Cecilia Vicuña, About to Happen.
Free Public Lecture
Kathleen Fitzpatrick Theatre
Keir Foundation Lecture.
Associate Professor Julia Bryan-Wilson will give a lecture on Chilean artist and poet Cecilia Vicuña.
Bryan-Wilson's lecture will discuss Vicuña's sculptural work looking closely at her textile-based work from the 1970s to think through issues of production and materiality. Drawing on her forthcoming book, Fray: Art and Textile Politics, Julia Bryan-Wilson investigates how Vicuña's use of knotted threads and strings signified politically during the Pinochet dictatorship and in relation to Andean systems of knowledge production. She explores a range of art and performance from several decades of Vicuña's practice to illuminate how textiles unravel preconceived ideas about handicraft, industry, and memory.
The Keir Lectures on Art series is supported by the Keir Foundation and presented in partnership with The Power Institute, The University of Sydney.
Associate Professor Julia Bryan-Wilson, Associate Professor of Modern and Contemporary Art
Associate Professor Julia Bryan-Wilson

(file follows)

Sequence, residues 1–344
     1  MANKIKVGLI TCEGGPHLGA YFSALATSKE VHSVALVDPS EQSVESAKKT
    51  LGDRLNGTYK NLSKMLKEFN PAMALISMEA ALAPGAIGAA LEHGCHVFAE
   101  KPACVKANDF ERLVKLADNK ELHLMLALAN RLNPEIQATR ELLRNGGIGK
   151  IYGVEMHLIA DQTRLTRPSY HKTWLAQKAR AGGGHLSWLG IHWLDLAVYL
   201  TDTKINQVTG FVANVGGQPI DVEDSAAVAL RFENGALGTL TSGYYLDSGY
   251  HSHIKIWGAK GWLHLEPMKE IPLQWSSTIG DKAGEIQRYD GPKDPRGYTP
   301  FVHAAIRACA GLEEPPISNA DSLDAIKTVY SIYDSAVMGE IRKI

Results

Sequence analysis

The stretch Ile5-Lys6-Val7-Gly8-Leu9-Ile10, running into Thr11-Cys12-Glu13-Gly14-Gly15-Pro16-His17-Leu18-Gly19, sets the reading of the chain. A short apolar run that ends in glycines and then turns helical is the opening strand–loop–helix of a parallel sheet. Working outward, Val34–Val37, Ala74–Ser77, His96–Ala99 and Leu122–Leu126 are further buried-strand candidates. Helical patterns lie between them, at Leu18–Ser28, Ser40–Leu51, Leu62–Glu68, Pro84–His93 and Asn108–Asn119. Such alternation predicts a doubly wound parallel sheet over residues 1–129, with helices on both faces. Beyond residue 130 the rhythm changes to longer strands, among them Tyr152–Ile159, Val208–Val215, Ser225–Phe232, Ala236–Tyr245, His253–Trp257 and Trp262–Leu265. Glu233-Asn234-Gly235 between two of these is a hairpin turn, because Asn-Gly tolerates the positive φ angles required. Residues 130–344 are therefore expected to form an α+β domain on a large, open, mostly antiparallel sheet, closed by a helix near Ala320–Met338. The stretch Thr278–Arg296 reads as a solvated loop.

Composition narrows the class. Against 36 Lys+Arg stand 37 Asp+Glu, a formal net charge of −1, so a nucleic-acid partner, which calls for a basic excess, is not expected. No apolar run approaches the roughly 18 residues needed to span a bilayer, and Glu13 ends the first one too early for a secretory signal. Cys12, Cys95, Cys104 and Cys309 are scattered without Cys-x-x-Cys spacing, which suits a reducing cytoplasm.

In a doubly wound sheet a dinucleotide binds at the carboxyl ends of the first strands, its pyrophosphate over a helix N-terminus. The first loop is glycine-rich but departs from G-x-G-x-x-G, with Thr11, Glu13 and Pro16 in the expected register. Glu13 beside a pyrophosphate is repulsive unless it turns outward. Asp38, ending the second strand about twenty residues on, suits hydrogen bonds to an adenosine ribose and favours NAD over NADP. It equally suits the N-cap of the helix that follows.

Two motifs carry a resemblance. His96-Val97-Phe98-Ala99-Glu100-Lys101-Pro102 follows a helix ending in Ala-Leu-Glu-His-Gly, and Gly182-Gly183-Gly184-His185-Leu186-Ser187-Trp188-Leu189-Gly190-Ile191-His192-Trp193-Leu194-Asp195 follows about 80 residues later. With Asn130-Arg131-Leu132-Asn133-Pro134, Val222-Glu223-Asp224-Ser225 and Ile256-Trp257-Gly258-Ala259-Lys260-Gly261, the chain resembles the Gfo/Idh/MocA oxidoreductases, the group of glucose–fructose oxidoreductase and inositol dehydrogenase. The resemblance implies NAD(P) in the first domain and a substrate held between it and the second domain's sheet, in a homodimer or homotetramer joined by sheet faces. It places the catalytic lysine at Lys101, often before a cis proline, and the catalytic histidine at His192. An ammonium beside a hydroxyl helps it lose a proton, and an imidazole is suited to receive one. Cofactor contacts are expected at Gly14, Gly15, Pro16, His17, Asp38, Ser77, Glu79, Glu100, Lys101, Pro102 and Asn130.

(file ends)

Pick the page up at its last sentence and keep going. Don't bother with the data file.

Associate Professor of Modern and Contemporary Art
University of California, Berkeley
Julia BryanWilson is associate professor of modern and contemporary art at the University of California, Berkeley. Her writing, which has appeared in *Afterall, Aperture, Artforum, Art Journal, Bookforum, October, Oxford Art Journal*, and *Parkett*, among many other venues, centers on feminist and queer theory, artistic labor, performance, and craft histories. She is the author of *Art Workers: Radical Practice in the Vietnam War Era* (U California, 2009), *Art in the Making: Artists and Their Materials from the Studio to Crowdsourcing* (coauthored with Glenn Adamson, Thames & Hudson, 2016), and *Fray: Art and Textile Politics* (forthcoming U Chicago, 2017). With Andrea Andersson, she is the cocurator of the first major exhibition of the work of Cecilia Vicuña (Contemporary Arts Center New Orleans, 2017). She is currently a Visiting Senior Fellow at the Center for Advanced Study in the Visual Arts at the National Gallery of Art in Washington, DC.